Over Memorial Day weekend 2013, PYM Young Adult Friends met for a retreat at Haddonfield Friends Meeting with the theme: “Of Earth, Of Spirit: Quaker Stewardship & Eco-Justice.” Usually when I find myself writing about YAF events, it’s as a report: we had 22 young adults there; young adults led workshops on Environmental Racism and Sustainable Technology; we did service projects in Camden, NJ, and at the meetinghouse with members of Haddonfield. Those are all things I’m happy to share. I always feel blessed when Friends choose to spend their weekend in spiritual community (especially on a holiday weekend where we’re getting up at 7:45AM – out of the ordinary for many young adults!)
For this retreat, on a topic I care deeply about, I wanted to share a more personal reflection. The most powerful part of the retreat for me (and many others, judging from our evaluation responses) was our panel on environmental witness on Saturday evening. We brought in older f/Friends to speak about their witness and activism, and to dialogue with YAFs. I heard about the importance of having spiritual support, and of moving out of love – love of others, and of the world, and of Spirit. I heard moving stories of individual witness, of making big changes in the way you live to bring you into alignment with your values.
I believe that making personal changes bring me closer to right relationship with the planet. I’ve been a vegetarian for 15 years, I try to eat what’s locally in season, I compost, I don’t own a car. I have a long, loooong way to go. I’ve racked up a lot of airline miles; I buy things shipped from all over the world, made in working conditions I know nothing about. And I’m just one person. I get inspiration from others who live more sustainably, but I know there are many others who aren’t making changes. (Ironically, I’m aware of this most when I fly – going over so many tiny buildings and vehicles gives me a sense of the scale of the planet that I don’t get from hard numbers.)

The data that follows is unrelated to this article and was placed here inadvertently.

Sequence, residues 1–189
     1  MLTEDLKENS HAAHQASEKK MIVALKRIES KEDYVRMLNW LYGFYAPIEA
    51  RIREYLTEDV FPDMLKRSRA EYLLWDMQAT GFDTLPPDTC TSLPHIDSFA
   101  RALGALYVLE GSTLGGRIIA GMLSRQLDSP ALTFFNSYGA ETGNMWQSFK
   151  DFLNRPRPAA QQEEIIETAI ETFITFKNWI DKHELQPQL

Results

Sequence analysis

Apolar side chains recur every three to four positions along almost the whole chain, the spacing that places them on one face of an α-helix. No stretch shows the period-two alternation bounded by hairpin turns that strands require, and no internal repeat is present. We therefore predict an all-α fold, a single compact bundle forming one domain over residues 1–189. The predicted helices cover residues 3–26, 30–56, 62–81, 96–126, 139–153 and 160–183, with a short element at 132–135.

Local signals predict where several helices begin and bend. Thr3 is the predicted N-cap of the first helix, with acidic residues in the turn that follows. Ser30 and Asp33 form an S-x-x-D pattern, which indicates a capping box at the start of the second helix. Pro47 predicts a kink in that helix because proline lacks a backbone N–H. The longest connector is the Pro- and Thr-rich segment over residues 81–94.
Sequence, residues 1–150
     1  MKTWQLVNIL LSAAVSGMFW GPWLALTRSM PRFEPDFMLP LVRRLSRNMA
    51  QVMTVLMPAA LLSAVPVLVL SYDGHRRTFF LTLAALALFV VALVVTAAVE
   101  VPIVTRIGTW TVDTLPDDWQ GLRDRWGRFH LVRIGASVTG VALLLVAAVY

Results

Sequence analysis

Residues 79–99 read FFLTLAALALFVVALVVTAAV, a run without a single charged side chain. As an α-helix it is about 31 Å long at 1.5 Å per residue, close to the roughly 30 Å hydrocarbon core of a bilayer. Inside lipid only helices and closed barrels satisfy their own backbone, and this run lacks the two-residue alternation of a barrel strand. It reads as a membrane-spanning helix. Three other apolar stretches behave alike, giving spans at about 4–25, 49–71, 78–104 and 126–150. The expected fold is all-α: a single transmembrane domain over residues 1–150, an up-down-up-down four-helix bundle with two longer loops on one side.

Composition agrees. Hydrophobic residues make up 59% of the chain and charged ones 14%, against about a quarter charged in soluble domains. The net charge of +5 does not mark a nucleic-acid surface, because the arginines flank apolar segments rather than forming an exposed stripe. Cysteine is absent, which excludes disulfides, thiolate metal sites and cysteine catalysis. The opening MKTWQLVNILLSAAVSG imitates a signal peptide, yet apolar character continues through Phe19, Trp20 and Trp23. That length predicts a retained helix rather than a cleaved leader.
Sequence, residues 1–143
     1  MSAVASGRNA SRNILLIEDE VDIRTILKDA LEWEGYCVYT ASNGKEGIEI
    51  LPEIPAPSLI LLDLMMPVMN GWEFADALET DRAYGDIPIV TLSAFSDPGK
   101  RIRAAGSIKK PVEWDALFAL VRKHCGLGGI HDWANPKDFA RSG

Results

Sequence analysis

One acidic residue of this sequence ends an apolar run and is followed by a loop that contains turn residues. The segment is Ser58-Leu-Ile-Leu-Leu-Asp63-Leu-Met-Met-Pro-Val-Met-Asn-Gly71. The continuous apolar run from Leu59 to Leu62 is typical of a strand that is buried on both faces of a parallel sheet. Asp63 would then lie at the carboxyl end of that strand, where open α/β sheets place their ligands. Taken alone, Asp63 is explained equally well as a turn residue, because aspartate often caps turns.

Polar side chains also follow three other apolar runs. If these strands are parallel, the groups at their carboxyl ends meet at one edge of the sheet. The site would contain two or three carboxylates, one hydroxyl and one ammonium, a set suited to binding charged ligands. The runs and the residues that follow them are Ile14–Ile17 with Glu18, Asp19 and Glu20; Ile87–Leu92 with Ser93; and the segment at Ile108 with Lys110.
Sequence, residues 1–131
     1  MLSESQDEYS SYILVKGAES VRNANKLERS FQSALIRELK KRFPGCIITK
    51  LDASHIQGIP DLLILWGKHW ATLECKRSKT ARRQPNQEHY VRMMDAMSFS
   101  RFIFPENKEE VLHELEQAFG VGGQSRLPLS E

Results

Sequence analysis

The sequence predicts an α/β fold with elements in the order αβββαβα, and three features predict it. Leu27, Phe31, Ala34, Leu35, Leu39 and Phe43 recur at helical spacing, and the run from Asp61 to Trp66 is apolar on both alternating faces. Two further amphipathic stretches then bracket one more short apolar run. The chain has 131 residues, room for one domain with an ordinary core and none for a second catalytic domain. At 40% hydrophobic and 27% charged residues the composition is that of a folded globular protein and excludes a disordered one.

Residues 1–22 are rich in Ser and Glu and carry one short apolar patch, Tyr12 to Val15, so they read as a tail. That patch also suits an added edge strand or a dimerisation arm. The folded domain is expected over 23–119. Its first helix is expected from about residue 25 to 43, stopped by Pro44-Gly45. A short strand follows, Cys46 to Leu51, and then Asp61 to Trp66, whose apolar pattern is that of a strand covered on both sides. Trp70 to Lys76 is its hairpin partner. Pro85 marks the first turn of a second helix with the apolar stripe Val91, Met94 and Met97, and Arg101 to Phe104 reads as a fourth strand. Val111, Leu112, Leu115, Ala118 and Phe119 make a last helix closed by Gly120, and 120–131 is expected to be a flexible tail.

During the panel one Friend spoke of her journey to action and leadership as coming from a place of deep sadness for the world. She came to a point when she recognized that the pain was anger, and it moved her into action. She found more strength and sustenance by working alongside others with the same goal. I recognize that pain for the world inside myself. I wonder how I can best harness that anger.
After having it repeatedly pop up on my radar at Quaker events for the past few months (always a sure sign I should pay attention), I’ve finally begun reading “Active Hope” by Joanna Macy and Chris Johnstone (subtitle: “How to Face the Mess We’re in without Going Crazy.”) Already I’m feeling a greater sense of connection – countless others are feeling the same way that I am. I’m reading it along with another YAF, which can give me both accountability & support. There’s an oft-quoted Frederick Buechner line: “The place God calls you to is where your deep gladness and the world’s deep hunger meet.” I’m still seeking that place of action, but I’m on the journey, with others.
– Elizabeth Piersol Schmidt
Young Adult Friends Communications Coordinator